Daily Briefing

Cleveland Clinic CEO's single best tip on building a career: 'Shamelessly steal.'

This interview of Dr. Toby Cosgrove, President and CEO of The Cleveland Clinic, was conducted by Eric Larsen, managing partner, and John Deane, president, Advisory Board Consulting; and condensed by Dan Diamond, managing editor.

Question: You've had one of the most diverse careers of any of the folks we've spoken with for this series—getting a bronze star, running a hospital in Vietnam, doing thoracic and cardiovascular surgery at the Clinic, and even becoming a would-be venture capitalist. And now, CEO. When did you know this would be your path?

Toby Cosgrove: I never expected I would wind up being a CEO. That was never part of my plan—or going into hospital administration in any form, really.

My academic career was a bit bumpy. I got into [only] one of the 13 medical schools I applied to. I was told during my residency not to go on cardiac surgery because I didn’t have it. But I just persisted anyhow.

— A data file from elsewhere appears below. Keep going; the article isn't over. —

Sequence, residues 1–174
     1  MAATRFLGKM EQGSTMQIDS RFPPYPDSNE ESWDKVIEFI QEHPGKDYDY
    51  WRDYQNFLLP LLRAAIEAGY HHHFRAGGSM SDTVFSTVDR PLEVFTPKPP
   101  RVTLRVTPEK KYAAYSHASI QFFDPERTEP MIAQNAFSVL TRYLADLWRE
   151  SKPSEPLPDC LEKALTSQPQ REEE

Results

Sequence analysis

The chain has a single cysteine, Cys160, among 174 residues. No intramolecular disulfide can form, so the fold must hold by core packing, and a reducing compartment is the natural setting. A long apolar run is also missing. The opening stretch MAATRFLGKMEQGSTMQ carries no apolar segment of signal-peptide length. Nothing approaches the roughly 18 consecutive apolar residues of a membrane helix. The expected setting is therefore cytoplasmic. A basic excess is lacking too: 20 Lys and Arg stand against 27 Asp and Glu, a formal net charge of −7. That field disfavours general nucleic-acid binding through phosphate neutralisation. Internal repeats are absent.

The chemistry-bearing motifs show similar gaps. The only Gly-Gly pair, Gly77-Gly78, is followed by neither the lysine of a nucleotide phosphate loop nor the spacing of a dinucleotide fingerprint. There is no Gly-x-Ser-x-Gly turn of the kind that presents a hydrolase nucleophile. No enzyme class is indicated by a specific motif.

And then the most amazing thing happened one day—I got a letter from Fred Loop saying the Cleveland Clinic was looking for a cardiac surgeon.

Now, I knew the Cleveland Clinic had just come off the development of the coronary angiography and coronary bypass surgery, and I thought, my gosh I must have died and gone to heaven. So I arrived here and instantly got the opportunity to become very busy.

Q: There's a big difference between being a busy surgeon and a hospital administrator, though. What steered you toward the C-suite?

Cosgrove: As I went along as a surgeon, I looked for ways to make things better. And sometimes, that meant coming up with new inventions. That opened up a whole new opportunity in dealing with the business world.

View from the C-suite: How hospitals are revitalizing their surgery business

And as I was getting to the end of my surgical career—as you know surgeons are like athletes, they can't go on forever—I was going to hang it up and figure out what to do next. But Dr. Loop announced his retirement, and they asked me to throw my hat in the ring for the job, and next thing you know I'm trying to figure out what a CEO does.